Feinstein, 78, is worth about $69 million, making her the 12th-richest member of Congress, according to the Center for Responsive Politics. Though her $9.2 million campaign nest egg might’ve been decimated by the embezzlement of now-disgraced campaign treasurer Kinde Durkee, there’s little doubt that she can both afford to ante up a lot from her own pocket and raise a great deal from others at the drop of a hat.

“Elizabeth is not planning to self-finance this campaign. We’re focused on building a broad foundation of support,” Tim Clark, Emken’s campaign spokesman, said this afternoon.

“Elizabeth has tremendous appeal among California voters, particularly among those who want a more efficient, more effective government, and a thriving job market,” he said. “Feinstein has had 20 years to show Californians what she can do. Her votes have contributed to the inexcusable government debt and the excessive regulatory climate that is now a drag on our economy. Californians are ready for change. I have no doubt that Elizabeth will have the resources necessary to get her message out.”


Prosecutor, councilman to take on Pete Stark

An East Bay prosecutor and city councilman is announcing today that he’ll challenge Rep. Pete Stark in next June’s primary for the newly drawn 15th Congressional District.

Alameda County Deputy District Attorney Eric Swalwell, 30, was elected last year to the Dublin City Council with a term expiring in Nov. 2014; earlier, he’d served on the city’s planning commission since 2008.

Stark’s current 13th District includes all of Alameda, Union City, Hayward, Newark, San Leandro and Fremont, as well as small parts of Oakland and Pleasanton. The new 15th District cuts out much of Fremont and all of Alameda, and adds in the unincorporated areas of Castro Valley, Ashland and Fairview as well as all of Pleasanton, Livermore, Dublin and San Ramon.

“When I looked at the shift, where the district went, I thought it needed someone who could fit the district with new energy and new ideas, someone who could work together with Republicans, Democrats and independents to solve the problems,” he said Tuesday. “People want to start working again and want to know who’s going to work for them. I’m ready to pull up my sleeves and go to work for this new district.”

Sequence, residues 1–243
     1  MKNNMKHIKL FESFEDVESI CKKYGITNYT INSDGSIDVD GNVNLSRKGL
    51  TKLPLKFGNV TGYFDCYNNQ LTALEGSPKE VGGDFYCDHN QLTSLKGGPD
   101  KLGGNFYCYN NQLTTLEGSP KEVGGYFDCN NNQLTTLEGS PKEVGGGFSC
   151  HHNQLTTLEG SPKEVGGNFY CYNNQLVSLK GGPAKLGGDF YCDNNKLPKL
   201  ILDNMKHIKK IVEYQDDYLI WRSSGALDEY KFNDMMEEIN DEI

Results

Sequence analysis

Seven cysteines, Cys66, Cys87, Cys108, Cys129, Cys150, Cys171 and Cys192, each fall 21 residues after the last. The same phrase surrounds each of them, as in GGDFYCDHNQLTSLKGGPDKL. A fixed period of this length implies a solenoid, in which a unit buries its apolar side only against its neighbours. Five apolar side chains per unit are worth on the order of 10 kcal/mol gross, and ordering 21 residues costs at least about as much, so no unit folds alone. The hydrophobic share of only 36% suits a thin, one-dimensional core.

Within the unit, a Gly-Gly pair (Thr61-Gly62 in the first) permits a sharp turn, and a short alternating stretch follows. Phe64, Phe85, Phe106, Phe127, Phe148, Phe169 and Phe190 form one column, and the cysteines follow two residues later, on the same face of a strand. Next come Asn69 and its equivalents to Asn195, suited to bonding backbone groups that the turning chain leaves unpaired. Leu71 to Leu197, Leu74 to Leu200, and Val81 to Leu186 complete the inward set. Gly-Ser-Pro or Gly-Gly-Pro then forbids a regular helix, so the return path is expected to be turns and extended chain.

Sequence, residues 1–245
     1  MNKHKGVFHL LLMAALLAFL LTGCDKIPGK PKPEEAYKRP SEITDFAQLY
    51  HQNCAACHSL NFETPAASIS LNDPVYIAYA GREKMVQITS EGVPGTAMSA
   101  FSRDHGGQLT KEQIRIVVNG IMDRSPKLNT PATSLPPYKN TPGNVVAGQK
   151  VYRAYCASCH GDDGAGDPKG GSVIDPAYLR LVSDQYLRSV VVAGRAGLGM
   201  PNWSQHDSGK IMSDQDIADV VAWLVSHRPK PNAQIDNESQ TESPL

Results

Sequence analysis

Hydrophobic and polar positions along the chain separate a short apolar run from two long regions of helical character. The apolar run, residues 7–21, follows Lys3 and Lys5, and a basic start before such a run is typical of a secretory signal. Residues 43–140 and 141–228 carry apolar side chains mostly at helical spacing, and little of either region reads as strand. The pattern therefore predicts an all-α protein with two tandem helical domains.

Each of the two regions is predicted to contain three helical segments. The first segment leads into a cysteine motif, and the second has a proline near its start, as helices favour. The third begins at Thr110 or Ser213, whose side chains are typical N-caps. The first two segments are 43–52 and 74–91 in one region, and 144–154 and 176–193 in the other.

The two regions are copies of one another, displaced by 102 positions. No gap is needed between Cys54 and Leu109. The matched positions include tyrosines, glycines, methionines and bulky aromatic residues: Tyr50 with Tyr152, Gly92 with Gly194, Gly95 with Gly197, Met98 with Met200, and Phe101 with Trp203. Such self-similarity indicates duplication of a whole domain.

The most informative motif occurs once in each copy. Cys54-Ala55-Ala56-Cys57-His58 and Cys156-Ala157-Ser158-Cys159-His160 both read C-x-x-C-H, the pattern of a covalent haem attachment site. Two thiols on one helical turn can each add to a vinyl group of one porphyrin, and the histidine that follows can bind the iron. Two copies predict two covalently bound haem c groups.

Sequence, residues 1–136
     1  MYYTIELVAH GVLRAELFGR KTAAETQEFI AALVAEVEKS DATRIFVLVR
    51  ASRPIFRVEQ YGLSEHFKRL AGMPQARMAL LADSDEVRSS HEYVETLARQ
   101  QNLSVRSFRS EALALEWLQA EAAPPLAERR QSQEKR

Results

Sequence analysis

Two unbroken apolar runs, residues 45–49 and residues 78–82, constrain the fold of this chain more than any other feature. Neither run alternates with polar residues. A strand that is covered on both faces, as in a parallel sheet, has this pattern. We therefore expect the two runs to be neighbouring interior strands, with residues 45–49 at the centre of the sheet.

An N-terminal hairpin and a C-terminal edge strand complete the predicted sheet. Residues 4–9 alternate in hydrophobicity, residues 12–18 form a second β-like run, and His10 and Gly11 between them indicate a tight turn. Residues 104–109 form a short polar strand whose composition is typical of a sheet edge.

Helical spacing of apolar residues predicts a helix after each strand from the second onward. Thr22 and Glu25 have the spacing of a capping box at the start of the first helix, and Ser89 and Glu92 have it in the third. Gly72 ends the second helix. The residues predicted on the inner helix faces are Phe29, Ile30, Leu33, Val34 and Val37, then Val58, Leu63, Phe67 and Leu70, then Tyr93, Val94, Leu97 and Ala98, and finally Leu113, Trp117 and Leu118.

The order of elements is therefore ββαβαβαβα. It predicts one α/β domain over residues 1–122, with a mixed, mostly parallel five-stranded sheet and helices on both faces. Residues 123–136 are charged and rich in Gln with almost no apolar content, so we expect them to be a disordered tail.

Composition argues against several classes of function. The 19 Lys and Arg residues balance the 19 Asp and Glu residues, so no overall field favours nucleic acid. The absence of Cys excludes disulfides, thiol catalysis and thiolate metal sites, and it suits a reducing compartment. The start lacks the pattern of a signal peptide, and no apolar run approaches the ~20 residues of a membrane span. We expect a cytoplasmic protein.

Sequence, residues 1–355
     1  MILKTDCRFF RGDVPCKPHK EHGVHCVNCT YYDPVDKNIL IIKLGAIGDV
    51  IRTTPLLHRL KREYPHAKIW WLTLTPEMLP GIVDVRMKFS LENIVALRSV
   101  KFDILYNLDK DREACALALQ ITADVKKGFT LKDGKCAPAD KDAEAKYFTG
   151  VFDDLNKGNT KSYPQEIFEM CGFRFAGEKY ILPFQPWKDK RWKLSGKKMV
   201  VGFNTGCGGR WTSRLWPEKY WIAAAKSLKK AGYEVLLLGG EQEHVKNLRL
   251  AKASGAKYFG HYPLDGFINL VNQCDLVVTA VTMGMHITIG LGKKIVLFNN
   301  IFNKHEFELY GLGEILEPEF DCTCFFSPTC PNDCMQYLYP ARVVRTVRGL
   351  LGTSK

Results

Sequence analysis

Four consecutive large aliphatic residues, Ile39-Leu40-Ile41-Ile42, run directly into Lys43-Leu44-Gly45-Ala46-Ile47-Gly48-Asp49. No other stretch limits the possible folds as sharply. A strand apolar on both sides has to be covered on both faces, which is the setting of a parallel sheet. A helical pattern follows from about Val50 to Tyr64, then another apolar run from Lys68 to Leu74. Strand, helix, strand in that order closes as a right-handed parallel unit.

Stark, 79, first was elected to Congress in 1972; he’s the fifth-most-senior Representative and the sixth-most-senior member of Congress overall. He announced his candidacy for a 21st term Aug. 2, saying he looks forward “to continuing to serve the people I represent today and gaining new constituents to the east. I’m committed to representing my new district with the same level of service, responsiveness and representation my constituents have come to rely on during my tenure in Congress.”

Swalwell made it clear he’s not running against Stark in particular: “It’s a new district,” he said, and in tough economic times, a fresh candidate with a job-creation agenda has a blank slate on which to write his campaign.

A Democrat, Swalwell is well aware that the June primary will be the first regular election (see comment #5, below) using the “top two” system, in which candidates of all parties compete on the same ballot and the top two vote-getters, regardless of party affiliation, advance to the general election.

He said serving on the Dublin City Council so far “has been great, it’s given me an opportunity to work closely with the business community to see what they need… to see what policies attract businesses to town.” That ranges from attracting new businesses to trying to tie Dublin into the Livermore winery boom, he said, and so he’s holding his candidacy announcement today in a business park with many vacancies near the I-580/I-680 interchange.

Swalwell graduated from Dublin High School in 1999; he holds a bachelor’s degree in government and politics and a law degree, both from the University of Maryland. While at Maryland, he served on the City of College Park City Council as its student representative, and from 2001-2002, he interned in the office of Rep. Ellen Tauscher, D-Alamo, assisting with legislative research and constituent outreach and services.